You are legally entitled to these.

4. Learn to interpret your test results.

If you are symptomatic your B12 level could still show as ‘within range’ this test is known to be inaccurate. Click here.

Please note that if you suffer psychiatric symptoms of B12 deficiency they too are reversible with correct B12 treatment. Psychiatric symptoms can manifest at higher levels than the lower reference ranges of the B12 serum test. In these cases it would be entirely appropriate for your doctor to carry out a therapeutic trial of B12 injections to confirm a deficiency.

An extremely high B12 level without supplementation requires investigation.

These particular test results are important in B12 deficiency;

Ferritin

Folate

Red cell folate

MCV

MCH

MCHC

RDW

WBC

 Click here for excellent information on optimum levels.

 It is important to remember that B12 deficiency cannot be ruled out in the absence of anaemia and / or high MCV. Click here for more information compiled by @b12unme.

 5. If you have results which confirm a deficiency, do not accept cyanocobalamin tablets unless you know that your deficiency is due to a dietary lack of B12. Remember B12 is only available from animal products!

A deficiency, even if caused through a vegan or vegetarian diet, should still be treated by injections in the first instance, in order to build levels fast.

You can also join this support group. Urge your family members to check the symptoms and causes page too, this deficiency could also be affecting your loved ones.

 6. You should be given loading doses by injection. If you have neurological symptoms then your doctor must treat you as per NICE and BNF guidelines these state that you must stay on loading doses until symptoms stop improving, see NICE Guidelines here. You may have to remind your doctor that there is no known toxicity of hydroxocobalamin and that it is used in huge quantities to treat

cyanide poisoning. Once treatment starts you may notice certain reactions during or soon after the loading doses click here for more information. During early intensive B12 treatment potassium levels may fall, causing hypokaelimia, so please increase your intake of potassium rich foods. Many people are not treated adequately enough for B12 deficiency, please see the Scottish Petition here.

7. Your doctor should adhere to these guidelines but sometimes this doesn’t happen. The BNF (British National Formulary) Guidelines state how Hydroxocobalamin should be administered and each practice has a copy of this book. Register here and print off section 9.1.2 to show your doctor if they are non compliant. Nerve damage takes a long time to heal that is why there is no limit on the administration of B12 injections in those suffering neurological symptoms. Four injections per year will not heal nerve damage, they will keep you alive but deterioration will continue!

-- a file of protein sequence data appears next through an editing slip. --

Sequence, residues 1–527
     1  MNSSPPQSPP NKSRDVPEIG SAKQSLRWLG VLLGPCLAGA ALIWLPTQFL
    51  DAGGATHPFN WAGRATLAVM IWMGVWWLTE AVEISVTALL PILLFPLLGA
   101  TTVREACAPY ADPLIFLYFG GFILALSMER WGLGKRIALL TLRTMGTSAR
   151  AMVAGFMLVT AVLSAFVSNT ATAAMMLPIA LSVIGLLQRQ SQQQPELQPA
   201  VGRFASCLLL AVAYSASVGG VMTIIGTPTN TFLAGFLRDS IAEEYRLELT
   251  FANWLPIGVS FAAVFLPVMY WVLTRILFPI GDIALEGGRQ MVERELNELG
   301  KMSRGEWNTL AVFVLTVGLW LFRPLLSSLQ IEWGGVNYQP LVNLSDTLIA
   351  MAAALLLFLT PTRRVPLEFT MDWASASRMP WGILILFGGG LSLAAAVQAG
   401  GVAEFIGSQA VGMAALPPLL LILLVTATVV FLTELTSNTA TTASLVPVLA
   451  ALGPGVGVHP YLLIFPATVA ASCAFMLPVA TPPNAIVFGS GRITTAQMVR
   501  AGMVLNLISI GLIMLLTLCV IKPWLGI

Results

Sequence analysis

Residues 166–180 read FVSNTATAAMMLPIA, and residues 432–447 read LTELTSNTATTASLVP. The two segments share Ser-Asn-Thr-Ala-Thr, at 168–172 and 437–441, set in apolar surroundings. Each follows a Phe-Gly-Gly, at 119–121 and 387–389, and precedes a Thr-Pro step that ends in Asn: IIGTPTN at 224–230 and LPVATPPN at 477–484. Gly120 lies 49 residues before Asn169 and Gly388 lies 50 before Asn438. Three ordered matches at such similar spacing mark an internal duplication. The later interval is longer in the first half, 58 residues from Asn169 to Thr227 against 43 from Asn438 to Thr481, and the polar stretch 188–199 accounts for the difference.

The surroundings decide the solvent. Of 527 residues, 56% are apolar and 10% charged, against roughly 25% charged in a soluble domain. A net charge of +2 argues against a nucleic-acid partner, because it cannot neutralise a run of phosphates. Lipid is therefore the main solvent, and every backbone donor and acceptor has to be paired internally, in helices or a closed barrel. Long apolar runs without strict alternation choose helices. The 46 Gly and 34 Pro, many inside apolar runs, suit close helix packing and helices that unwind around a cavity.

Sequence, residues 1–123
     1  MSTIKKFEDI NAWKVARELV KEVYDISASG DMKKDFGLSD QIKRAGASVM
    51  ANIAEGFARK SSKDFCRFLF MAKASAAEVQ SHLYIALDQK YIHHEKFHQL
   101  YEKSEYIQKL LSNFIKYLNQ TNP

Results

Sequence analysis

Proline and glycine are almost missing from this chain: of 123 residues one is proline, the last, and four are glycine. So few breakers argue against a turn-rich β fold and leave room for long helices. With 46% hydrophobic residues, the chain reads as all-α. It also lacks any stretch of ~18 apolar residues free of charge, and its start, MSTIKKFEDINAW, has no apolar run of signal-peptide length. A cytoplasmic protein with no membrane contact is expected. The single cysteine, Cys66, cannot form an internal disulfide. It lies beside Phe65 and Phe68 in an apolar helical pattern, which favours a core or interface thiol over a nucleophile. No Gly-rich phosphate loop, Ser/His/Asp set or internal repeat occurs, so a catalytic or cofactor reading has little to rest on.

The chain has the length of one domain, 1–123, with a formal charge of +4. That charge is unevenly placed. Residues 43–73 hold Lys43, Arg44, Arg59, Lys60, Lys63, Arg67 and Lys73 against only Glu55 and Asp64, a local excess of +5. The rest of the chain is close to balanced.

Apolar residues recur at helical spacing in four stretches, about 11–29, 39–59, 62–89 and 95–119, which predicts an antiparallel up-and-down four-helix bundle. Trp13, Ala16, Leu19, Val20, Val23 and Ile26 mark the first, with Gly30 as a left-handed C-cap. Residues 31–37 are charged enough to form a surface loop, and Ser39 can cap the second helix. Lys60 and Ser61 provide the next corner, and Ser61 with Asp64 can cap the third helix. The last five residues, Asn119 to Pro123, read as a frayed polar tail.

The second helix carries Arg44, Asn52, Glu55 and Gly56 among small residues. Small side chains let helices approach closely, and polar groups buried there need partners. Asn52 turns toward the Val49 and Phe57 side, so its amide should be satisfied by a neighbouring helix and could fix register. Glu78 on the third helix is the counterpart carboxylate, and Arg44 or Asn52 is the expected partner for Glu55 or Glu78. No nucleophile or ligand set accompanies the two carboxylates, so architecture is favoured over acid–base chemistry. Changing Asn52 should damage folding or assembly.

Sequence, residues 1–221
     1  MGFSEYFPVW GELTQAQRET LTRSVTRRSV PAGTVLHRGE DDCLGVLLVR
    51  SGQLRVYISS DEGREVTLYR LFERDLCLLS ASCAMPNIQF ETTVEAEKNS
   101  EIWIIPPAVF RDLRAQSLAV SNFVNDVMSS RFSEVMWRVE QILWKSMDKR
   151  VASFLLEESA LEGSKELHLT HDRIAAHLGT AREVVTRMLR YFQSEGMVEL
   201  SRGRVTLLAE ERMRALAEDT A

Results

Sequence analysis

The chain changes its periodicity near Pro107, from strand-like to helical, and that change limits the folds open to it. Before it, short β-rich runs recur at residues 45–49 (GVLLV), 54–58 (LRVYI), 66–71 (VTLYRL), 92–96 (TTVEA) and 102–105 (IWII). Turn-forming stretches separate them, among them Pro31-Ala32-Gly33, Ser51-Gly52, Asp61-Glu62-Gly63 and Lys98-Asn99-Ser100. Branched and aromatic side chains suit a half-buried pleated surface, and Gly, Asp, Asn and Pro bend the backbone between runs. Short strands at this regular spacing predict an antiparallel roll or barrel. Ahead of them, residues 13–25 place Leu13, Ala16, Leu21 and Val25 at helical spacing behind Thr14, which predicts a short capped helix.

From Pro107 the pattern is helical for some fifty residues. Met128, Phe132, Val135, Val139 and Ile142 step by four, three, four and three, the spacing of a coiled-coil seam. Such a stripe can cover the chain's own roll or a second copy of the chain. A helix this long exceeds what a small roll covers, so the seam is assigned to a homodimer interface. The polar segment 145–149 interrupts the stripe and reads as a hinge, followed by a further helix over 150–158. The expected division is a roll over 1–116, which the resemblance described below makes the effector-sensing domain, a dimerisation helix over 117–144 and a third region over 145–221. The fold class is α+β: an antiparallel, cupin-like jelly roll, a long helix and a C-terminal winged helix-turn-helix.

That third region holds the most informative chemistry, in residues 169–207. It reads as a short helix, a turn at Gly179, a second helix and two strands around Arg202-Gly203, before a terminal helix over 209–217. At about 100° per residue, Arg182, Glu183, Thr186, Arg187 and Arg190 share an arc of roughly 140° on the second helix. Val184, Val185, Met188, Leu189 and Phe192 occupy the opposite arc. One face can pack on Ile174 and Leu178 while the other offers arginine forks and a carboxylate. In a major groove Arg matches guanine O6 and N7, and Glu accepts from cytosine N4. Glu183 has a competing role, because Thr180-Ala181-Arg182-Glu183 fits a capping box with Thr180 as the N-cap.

8. Ask your doctor/nurse to teach you how to self inject.

This will save you and your practice time and money, if you have neurological symptoms you could be injecting every other day for months. Please click here for the NHS injection guide.

9. If you are B12 deficient and it is not due to a dietary lack of B12 or due to a parasite or other curable forms, you will require injections for life. In these cases, ask you doctor to write this in your notes.

10. If your results show that you are low in folate your doctor may  prescribe a higher dose folic acid tablet than the 800mcg that is available over the counter. Your serum level should be at the upper end of the range. Some patients cannot tolerate synthetic folic acid and therefore would require supplementation of the naturally occurring form of folate please click here for more information on this.

11. If you are low in ferritin you will require supplementation. Iron supplements come in tablet and liquid form and as an infusion. Your doctor should advise what is best for you here and monitor levels accordingly. Please note doctors do not routinely test for haemachromatosis (iron overload). My local lab has a reference range of 10 – 450, the optimum level here would be around 80 -100.

12. A good B complex will be required alongside your injections as all the

B vitamins work together. Make sure the B6 in the B complex is under 60mg. Please note, the folate contained in B complexes and multivitamins is commonly folic acid. Please see point 10 above.

13. In some patients potassium levels can drop with increased B12 loading doses. Your doctor should keep an eye on this and you can help yourself by eating potassium rich foods.

14. If you doctor feels that you are not B12 deficient based on ‘within range’ results you must push for other tests. Click here.

If you have neurological symptoms and a doctor who is non compliant you must assert yourself, and take someone with you who can support you.

15. Your ferritin and folate levels will require periodic monitoring. It would be pertinent for your B12 levels to be monitored in order to ascertain that you are able to metabolise your injections. Iron must be kept at an optimum level and not become too high. Once B12 treatment has commenced B12 levels may remain high but it is the symptoms which are the marker for your treatment. Do not let your doctor stop your injections if you have a malabsorption problem and there is a mistaken belief that your levels are replete.

www.b12deficiency.info

Please sign our petition – you will be helping to save lives
Best wishes, Tracey